[all] Gate resources and performance

Ben Nemec openstack at nemebean.com
Wed Feb 10 00:08:29 UTC 2021

This seemed like a good time to finally revisit 
https://review.opendev.org/c/openstack/devstack/+/676016 (the OSC as a 
service patch). Turns out it wasn't as much work to reimplement as I had 
expected, but hopefully this version addresses the concerns with the old 

In my local env it takes about 3:45 off my devstack run. Not a huge 
amount by itself, but multiplied by thousands of jobs it could be 

On 2/4/21 11:28 AM, Dan Smith wrote:
> Hi all,
> I have become increasingly concerned with CI performance lately, and
> have been raising those concerns with various people. Most specifically,
> I'm worried about our turnaround time or "time to get a result", which
> has been creeping up lately. Right after the beginning of the year, we
> had a really bad week where the turnaround time was well over 24
> hours. That means if you submit a patch on Tuesday afternoon, you might
> not get a test result until Thursday. That is, IMHO, a real problem and
> massively hurts our ability to quickly merge priority fixes as well as
> just general velocity and morale. If people won't review my code until
> they see a +1 from Zuul, and that is two days after I submitted it,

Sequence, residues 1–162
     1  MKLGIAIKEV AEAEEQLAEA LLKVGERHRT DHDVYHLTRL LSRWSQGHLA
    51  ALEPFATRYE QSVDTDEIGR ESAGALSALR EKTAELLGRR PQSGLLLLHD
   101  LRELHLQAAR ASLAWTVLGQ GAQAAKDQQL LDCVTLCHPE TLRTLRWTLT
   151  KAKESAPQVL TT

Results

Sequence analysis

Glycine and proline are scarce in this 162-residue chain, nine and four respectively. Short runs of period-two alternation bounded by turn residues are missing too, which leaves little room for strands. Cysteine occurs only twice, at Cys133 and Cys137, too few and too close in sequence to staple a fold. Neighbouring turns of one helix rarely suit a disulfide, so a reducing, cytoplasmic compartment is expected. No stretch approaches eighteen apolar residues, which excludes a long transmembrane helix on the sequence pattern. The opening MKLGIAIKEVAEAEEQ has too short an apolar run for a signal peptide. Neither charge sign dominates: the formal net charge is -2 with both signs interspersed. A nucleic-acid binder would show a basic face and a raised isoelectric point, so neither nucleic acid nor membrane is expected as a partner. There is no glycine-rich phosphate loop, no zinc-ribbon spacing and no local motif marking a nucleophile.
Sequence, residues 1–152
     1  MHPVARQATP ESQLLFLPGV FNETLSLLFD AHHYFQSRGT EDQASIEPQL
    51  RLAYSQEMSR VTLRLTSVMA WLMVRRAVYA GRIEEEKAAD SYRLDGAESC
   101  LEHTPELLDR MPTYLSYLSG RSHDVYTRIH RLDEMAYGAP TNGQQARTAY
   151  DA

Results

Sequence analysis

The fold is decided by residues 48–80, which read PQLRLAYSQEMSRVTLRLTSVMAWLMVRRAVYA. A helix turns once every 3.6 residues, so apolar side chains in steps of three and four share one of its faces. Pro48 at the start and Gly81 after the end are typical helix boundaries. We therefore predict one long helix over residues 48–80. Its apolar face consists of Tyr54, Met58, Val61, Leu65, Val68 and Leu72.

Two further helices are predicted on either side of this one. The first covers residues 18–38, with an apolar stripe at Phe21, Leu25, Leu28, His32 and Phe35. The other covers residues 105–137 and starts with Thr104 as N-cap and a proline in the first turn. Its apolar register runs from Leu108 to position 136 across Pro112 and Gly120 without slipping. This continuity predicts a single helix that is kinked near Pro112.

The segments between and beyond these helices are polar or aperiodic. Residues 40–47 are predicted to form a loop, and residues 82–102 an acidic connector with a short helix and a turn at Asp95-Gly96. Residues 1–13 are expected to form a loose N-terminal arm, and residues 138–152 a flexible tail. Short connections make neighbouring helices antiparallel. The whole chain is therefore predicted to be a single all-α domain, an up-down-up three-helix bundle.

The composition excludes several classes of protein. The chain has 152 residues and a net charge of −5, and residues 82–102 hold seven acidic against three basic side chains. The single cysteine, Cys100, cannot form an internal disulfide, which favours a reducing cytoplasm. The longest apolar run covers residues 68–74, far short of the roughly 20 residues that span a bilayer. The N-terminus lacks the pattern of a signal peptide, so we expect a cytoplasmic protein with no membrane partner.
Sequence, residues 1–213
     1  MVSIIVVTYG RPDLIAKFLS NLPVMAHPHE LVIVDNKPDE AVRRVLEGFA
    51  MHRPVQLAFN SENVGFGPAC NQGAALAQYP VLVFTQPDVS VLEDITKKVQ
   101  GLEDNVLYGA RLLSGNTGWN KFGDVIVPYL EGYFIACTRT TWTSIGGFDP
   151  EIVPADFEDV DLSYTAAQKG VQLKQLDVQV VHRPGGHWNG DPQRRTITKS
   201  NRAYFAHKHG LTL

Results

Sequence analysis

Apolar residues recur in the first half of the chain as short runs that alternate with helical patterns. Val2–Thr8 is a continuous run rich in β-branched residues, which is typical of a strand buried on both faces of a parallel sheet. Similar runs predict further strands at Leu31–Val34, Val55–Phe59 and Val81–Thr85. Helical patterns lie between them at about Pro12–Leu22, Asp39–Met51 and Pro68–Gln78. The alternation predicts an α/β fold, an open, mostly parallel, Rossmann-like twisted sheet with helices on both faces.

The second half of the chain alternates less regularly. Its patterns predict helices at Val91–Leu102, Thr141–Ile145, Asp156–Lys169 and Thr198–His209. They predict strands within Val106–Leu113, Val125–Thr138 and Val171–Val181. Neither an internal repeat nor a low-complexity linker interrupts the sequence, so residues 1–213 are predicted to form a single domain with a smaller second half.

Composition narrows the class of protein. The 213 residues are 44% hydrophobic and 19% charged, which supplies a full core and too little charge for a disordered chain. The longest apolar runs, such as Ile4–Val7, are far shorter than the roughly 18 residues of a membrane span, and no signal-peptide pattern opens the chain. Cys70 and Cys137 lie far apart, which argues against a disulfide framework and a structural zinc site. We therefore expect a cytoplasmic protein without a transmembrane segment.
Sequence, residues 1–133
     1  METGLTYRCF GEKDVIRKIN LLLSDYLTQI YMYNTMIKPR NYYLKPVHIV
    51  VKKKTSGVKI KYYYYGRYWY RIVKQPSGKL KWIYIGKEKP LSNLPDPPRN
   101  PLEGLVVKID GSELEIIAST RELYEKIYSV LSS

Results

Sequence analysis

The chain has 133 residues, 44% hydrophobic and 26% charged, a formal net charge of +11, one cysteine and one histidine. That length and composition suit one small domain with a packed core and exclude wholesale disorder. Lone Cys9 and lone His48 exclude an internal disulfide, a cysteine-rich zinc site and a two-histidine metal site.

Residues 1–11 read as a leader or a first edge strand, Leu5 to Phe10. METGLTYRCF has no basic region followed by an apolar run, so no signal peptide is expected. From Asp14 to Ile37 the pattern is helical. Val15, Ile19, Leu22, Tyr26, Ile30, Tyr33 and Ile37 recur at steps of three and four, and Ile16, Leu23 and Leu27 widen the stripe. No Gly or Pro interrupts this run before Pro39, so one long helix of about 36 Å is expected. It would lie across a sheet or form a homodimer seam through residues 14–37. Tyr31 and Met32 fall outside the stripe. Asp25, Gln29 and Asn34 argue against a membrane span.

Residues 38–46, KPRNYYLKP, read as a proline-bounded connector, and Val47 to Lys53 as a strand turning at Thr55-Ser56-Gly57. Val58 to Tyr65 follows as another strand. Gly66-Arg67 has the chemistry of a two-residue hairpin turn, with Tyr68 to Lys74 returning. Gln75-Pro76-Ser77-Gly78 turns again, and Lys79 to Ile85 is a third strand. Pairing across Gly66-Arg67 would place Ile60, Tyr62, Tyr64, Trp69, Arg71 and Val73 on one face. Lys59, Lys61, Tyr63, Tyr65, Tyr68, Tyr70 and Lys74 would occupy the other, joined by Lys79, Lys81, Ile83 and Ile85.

> that's bad.
> Things have gotten a little better since that week, due in part to
> getting past a rush of new year submissions (we think) and also due to
> some job trimming in various places (thanks Neutron!). However, things
> are still not great. Being in almost the last timezone of the day, the
> queue is usually so full when I wake up that it's quite often I don't
> get to see a result before I stop working that day.
> I would like to ask that projects review their jobs for places where
> they can cut out redundancy, as well as turn their eyes towards
> optimizations that can be made. I've been looking at both Nova and
> Glance jobs and have found some things I think we can do less of. I also
> wanted to get an idea of who is "using too much" in the way of
> resources, so I've been working on trying to characterize the weight of
> the jobs we run for a project, based on the number of worker nodes
> required to run all the jobs, as well as the wall clock time of how long
> we tie those up. The results are interesting, I think, and may help us
> to identify where we see some gains.
> The idea here is to figure out[1] how many "node hours" it takes to run
> all the normal jobs on a Nova patch compared to, say, a Neutron one. If
> the jobs were totally serialized, this is the number of hours a single
> computer (of the size of a CI worker) would take to do all that work. If
> the number is 24 hours, that means a single computer could only check
> *one* patch in a day, running around the clock. I chose the top five
> projects in terms of usage[2] to report here, as they represent 70% of
> the total amount of resources consumed. The next five only add up to
> 13%, so the "top five" seems like a good target group. Here are the